In 1890, the vestry selected the plans for what it termed an Early English Gothic–style church, and in 1893, just as the lumber industry ended, this church was built. The Ecclesiological movement, which was a powerful influence on Episcopal church design in the nineteenth century, inspired the design of St. Paul's. Funds donated by Thomas Hume (1848–1920), coupled with gifts from Charles H. Hackley and John Torrent, financed construction. Geake and Henry of Fort Wayne, Indiana, built the church.
Grayish-green Lower Marshall sandstone quarried at Little Stoney Point, Jackson County, rises in the exterior walls. Above the main south portal is a twelve-petal rose window. On the interior, an arcade supports an oak-beamed roof. Willet Studios of Philadelphia designed the St. Nicholas stained glass window in 1943. Kelly Brothers of Muskegon, well-known woodworkers and manufacturers, installed the pews. The steps leading to the altar are of Vermont marble; the altar is of Carrara marble. Alois Lang, woodcarver of the Oberammergau group, carved the figures of the lectern and litany desk.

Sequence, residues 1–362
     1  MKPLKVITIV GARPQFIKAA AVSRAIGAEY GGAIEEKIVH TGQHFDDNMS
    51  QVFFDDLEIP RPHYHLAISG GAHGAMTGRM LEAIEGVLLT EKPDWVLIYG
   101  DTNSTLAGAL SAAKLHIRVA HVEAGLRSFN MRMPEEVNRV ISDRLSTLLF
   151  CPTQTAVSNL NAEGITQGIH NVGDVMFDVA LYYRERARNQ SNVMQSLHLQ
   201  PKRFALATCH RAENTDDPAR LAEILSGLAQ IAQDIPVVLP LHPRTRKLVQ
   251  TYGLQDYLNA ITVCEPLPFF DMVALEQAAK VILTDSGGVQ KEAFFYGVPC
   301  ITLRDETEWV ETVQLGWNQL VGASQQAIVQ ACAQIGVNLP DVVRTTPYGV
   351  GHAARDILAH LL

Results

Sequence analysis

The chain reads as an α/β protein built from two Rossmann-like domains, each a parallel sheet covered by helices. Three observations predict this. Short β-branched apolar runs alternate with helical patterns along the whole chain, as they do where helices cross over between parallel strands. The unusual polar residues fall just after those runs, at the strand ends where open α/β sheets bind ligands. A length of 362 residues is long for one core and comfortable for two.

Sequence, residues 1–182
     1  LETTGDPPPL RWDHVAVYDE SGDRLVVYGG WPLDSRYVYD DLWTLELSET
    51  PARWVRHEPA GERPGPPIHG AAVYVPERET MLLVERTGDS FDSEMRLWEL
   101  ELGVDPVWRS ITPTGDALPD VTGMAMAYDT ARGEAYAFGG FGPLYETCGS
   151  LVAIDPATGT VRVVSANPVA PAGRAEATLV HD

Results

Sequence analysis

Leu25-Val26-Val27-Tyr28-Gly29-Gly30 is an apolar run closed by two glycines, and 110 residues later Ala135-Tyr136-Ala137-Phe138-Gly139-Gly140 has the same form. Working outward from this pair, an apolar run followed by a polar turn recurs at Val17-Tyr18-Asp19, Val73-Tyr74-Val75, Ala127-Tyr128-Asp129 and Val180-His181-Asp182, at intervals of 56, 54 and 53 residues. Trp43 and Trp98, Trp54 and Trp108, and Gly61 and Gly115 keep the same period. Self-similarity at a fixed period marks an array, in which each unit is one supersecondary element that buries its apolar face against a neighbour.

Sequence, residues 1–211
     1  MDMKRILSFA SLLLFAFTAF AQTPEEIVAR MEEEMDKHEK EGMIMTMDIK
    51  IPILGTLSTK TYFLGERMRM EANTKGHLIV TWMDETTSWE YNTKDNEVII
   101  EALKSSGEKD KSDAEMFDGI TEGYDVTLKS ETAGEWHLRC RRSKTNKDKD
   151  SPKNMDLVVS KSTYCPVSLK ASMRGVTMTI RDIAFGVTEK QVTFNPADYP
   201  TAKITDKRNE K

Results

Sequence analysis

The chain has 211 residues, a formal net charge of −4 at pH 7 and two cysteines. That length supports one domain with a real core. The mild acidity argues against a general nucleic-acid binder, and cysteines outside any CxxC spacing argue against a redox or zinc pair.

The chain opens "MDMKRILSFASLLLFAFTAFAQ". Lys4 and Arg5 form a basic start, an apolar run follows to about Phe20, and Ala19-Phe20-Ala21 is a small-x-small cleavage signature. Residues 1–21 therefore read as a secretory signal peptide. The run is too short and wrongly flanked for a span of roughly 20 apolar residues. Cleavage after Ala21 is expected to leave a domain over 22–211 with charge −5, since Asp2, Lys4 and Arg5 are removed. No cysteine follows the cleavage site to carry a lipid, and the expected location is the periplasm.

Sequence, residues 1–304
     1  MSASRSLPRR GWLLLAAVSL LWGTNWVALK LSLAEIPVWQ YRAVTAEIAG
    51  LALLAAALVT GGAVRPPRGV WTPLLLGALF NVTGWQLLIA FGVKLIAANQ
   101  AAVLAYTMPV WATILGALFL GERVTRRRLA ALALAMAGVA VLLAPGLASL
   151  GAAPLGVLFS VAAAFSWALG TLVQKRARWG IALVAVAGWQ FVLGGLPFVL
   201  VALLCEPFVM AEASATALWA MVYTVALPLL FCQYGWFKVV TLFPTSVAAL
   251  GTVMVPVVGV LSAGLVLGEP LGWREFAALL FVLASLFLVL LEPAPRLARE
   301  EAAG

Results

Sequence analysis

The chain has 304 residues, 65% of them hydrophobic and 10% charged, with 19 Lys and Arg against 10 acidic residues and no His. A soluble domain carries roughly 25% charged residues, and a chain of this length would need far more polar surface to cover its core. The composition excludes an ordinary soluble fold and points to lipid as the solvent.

Founded in 1857, St. Paul's is one of Muskegon's oldest Protestant churches. Before this church was built a now demolished, steepled, yellowish-white brick Gothic Revival church erected in 1870–1873 served the parish. Designed by David Murray of Grand Rapids, it was at the intersection of Peck and Terrace streets and moved in 1879 to the northwest corner of Webster Avenue and Jefferson Street.